How Sane, Healthy People Respond to Disability-Related Access Issues

How Sane, Healthy People Respond to Disability-Related Access Issues December 3, 2021

Twitter tells me it’s International Disability Day, so here’s my happy-mad story from yesterday.  You’ll recall that Tuesday before Thanksgiving (11/24) I sent an email, after the close of the business day, letting the facility manager for a local greenspace know about several concerns that had arisen.  By the following morning he’d replied to my e-mail and by midday had resolved the most pressing issue.

But, for today’s topic, the comparatively less-pressing (since it didn’t involve multiple users in danger of potentially fatal injuries) issue I also mentioned in my letter was that, oh geez, looks like in the recent construction project you eliminated the previously pretty good wheelchair access?  Yikes.

Here is the response I got:

  • Oof, we are so sorry, yes that was a completely inadvertent oversight.
  • You are correct this is a problem.
  • Here is the other safety issue that was going on that we were trying to fix that is how it got that way.
  • We’ll make it right.  Sorry!  Our bad!

And by we will fix it . . . by Thursday 12/3 gates were widened and forms were being placed for new concrete to go in, specifically to make the space wheelchair-accessible.  (Haven’t looked today to see if they are pouring yet.)  Once you take into account the holiday, other work already on the schedule, and time to design an appropriate solution, I’d say the turnaround time is reasonable.

Readers, this is how normal, healthy, sane people respond when informed of an access issue regarding a public facility.

I know!  Things that did not happen:

“Well you know, there aren’t any people with that extremely-common disability using the facility right now, so your concern does not apply.”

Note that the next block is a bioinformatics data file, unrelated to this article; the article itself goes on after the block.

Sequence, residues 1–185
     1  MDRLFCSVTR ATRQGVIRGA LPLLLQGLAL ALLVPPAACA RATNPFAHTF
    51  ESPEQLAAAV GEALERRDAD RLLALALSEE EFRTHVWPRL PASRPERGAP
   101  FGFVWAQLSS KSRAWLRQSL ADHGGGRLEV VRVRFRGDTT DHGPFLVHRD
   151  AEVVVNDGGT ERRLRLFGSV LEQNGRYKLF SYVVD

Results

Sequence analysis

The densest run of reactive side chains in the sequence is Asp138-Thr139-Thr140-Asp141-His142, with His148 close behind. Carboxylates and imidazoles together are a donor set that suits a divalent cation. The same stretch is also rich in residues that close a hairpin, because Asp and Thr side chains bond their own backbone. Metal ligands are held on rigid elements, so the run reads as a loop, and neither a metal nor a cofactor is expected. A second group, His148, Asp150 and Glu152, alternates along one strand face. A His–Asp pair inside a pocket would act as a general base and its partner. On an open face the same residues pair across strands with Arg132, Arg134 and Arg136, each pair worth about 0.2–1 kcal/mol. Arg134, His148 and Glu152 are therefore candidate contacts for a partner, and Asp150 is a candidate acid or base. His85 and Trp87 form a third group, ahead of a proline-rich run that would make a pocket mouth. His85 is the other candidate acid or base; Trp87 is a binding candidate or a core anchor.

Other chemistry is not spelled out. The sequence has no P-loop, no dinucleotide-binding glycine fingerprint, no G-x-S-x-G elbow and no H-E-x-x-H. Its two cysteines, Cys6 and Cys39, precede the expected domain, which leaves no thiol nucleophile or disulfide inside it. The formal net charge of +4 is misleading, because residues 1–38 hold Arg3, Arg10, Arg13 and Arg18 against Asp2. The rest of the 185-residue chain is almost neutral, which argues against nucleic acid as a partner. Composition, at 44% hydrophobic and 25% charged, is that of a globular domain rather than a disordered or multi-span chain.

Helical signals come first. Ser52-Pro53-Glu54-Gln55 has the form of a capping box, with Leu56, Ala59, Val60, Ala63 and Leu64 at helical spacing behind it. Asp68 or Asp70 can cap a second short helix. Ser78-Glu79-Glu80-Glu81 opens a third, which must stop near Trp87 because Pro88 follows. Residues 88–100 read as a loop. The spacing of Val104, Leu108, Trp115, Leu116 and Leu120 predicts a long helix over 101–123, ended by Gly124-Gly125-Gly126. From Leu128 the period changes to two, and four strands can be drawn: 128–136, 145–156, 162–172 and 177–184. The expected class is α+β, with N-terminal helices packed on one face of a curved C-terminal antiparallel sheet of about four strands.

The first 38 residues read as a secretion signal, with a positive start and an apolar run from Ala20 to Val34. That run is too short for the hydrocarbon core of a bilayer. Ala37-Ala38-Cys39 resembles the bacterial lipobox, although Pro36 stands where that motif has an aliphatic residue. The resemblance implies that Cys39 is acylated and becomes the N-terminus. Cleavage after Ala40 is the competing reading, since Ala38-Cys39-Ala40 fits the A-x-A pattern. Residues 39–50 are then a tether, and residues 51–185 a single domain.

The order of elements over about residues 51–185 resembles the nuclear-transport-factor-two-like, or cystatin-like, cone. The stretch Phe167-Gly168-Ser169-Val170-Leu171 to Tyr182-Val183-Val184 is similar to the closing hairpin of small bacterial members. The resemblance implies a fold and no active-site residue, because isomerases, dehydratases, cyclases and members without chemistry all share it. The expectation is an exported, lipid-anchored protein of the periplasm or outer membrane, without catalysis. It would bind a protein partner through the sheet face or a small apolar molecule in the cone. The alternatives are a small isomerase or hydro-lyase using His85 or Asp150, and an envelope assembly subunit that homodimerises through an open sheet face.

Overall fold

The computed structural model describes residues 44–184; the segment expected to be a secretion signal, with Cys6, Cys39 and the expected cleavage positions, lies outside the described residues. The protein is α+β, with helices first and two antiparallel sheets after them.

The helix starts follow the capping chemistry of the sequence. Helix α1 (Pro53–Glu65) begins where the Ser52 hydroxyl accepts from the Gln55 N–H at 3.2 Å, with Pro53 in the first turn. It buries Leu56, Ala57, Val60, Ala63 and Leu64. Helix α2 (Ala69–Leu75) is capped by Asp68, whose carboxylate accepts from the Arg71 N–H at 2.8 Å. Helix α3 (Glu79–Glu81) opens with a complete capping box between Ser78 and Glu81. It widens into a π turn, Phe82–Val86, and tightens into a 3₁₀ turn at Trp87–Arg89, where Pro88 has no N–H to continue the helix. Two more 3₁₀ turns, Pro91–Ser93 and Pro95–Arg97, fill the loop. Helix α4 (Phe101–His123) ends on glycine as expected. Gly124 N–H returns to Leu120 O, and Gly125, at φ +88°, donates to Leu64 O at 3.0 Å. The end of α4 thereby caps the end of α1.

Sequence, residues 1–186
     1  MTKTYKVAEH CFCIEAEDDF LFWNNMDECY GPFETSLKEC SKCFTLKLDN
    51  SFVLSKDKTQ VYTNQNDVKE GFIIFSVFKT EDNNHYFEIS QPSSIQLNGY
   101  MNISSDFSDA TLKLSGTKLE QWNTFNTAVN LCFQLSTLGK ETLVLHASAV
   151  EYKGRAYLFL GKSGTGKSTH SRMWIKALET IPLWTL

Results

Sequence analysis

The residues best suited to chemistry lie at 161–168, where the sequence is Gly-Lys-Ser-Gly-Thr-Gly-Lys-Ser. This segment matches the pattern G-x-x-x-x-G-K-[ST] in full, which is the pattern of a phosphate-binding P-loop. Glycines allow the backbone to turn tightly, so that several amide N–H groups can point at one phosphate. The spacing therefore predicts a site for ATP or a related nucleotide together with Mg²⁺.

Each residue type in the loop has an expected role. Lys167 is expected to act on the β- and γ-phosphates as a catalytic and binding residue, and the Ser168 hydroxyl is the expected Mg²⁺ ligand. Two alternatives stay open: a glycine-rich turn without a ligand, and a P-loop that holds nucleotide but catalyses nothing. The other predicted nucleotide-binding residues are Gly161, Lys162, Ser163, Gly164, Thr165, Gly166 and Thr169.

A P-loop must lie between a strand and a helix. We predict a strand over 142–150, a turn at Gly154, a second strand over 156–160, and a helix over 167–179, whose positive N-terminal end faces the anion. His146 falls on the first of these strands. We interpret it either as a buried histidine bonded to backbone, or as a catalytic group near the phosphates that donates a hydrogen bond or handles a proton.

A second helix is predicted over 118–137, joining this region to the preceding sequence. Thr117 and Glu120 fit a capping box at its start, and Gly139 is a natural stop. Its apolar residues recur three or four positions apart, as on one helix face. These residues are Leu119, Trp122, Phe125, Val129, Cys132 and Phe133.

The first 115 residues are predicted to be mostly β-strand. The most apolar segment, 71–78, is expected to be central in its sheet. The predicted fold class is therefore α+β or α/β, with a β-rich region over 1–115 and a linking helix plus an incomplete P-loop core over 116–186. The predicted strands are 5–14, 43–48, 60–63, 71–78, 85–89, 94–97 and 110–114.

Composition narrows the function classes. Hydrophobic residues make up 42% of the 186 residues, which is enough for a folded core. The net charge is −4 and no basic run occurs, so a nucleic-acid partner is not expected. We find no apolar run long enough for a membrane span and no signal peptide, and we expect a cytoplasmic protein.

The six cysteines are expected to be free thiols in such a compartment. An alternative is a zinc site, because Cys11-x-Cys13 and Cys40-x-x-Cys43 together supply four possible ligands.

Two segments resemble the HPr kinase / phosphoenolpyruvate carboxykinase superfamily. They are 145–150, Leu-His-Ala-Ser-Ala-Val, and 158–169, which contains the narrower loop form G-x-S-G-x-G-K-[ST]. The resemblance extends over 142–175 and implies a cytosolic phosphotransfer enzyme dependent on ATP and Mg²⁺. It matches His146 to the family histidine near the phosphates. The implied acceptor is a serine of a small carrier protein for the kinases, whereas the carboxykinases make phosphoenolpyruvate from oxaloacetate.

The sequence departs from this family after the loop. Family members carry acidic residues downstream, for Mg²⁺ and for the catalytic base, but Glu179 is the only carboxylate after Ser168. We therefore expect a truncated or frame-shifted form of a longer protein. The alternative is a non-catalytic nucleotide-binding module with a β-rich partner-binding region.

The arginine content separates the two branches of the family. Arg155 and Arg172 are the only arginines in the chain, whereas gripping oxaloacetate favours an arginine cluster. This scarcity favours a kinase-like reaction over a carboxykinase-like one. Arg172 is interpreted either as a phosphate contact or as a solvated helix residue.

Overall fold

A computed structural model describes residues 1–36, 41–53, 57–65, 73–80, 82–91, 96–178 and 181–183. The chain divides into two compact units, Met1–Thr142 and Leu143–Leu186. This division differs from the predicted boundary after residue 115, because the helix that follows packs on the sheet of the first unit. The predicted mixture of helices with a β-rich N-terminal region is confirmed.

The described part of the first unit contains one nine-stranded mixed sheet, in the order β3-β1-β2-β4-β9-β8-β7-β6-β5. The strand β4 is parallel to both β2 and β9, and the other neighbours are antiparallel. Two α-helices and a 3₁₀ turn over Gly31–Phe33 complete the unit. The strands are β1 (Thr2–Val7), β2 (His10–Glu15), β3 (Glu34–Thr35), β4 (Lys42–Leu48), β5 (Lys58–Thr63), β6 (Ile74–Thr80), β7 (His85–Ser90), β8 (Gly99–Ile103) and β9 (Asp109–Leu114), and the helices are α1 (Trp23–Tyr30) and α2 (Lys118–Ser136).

“None of the many people in our community with that disability have personally complained to me. So it’s fine.”

“We don’t budget for that.”

“But we created the problem for a good reason! So we have heels to dig in and insist our barrier-creating solution is the only solution.”

“But it’s just so haaaaaarrrd.  We definitely could not just go back to some variation of the thing we had before, and which would cost barely anything to re-implement and also solve some of our other safety concerns.”

“Here’s a complicated workaround that requires disabled people to make special arrangements to use the facility, which they will never ever be able to enter freely, even though all other users can do so.”

“You know GRATEFUL disabled people are perfectly happy having to make special arrangements and wait around to be assisted with entry, now that we’ve eliminated our previously perfectly-accessible entrance. THEY still come, obviously for people who CARE our complicated access scheme is just fine.”

And yes, every single one of those are real responses I’ve encountered in the past.

With regards to our local government agency doing things right?  Well, they goofed up.  There shouldn’t have been a problem in the first place. Wheelchair access is not some obscure one-in-a-million need. It’s a standardized, normal feature of any public space.

So there’s nothing heroic about recognizing you goofed up, apologizing, and taking steps to immediately rectify the problem. Likewise, you aren’t going above-and-beyond when someone with an unanticipated disability needs accommodations, and so you do your best to work together on coming up with a good solution.  But not doing so is a serious problem, and alas still far too common.


File:Red cement mixer truck.png

Photo of a red concrete mixer truck by User: MrX, via Wikimedia CC 3.0.





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